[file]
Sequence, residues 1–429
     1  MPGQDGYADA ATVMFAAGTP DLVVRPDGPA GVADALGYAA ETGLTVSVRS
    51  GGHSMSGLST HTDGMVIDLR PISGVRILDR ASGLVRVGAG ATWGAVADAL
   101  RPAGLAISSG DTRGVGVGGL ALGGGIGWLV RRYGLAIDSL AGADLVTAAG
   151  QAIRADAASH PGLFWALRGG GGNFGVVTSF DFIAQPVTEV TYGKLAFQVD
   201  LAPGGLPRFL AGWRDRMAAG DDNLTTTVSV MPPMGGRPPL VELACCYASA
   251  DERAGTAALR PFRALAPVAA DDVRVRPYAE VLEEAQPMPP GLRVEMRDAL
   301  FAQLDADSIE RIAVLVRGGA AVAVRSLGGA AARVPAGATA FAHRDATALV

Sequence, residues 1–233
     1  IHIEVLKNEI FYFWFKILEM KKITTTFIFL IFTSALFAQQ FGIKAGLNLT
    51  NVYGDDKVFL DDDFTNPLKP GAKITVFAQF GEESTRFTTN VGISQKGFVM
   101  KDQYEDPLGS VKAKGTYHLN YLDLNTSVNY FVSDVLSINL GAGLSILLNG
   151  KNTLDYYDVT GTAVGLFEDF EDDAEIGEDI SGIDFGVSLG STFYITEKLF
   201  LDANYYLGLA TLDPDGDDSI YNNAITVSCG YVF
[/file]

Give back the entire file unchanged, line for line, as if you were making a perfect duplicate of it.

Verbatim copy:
Sequence, residues 1–429
     1  MPGQDGYADA ATVMFAAGTP DLVVRPDGPA GVADALGYAA ETGLTVSVRS
    51  GGHSMSGLST HTDGMVIDLR PISGVRILDR ASGLVRVGAG ATWGAVADAL
   101  RPAGLAISSG DTRGVGVGGL ALGGGIGWLV RRYGLAIDSL AGADLVTAAG
   151  QAIRADAASH PGLFWALRGG GGNFGVVTSF DFIAQPVTEV TYGKLAFQVD
   201  LAPGGLPRFL AGWRDRMAAG DDNLTTTVSV MPPMGGRPPL VELACCYASA
   251  DERAGTAALR PFRALAPVAA DDVRVRPYAE VLEEAQPMPP GLRVEMRDAL
   301  FAQLDADSIE RIAVLVRGGA AVAVRSLGGA AARVPAGATA FAHRDATALV

Sequence, residues 1–233
     1  IHIEVLKNEI FYFWFKILEM KKITTTFIFL IFTSALFAQQ FGIKAGLNLT
    51  NVYGDDKVFL DDDFTNPLKP GAKITVFAQF GEESTRFTTN VGISQKGFVM
   101  KDQYEDPLGS VKAKGTYHLN YLDLNTSVNY FVSDVLSINL GAGLSILLNG
   151  KNTLDYYDVT GTAVGLFEDF EDDAEIGEDI SGIDFGVSLG STFYITEKLF
   201  LDANYYLGLA TLDPDGDDSI YNNAITVSCG YVF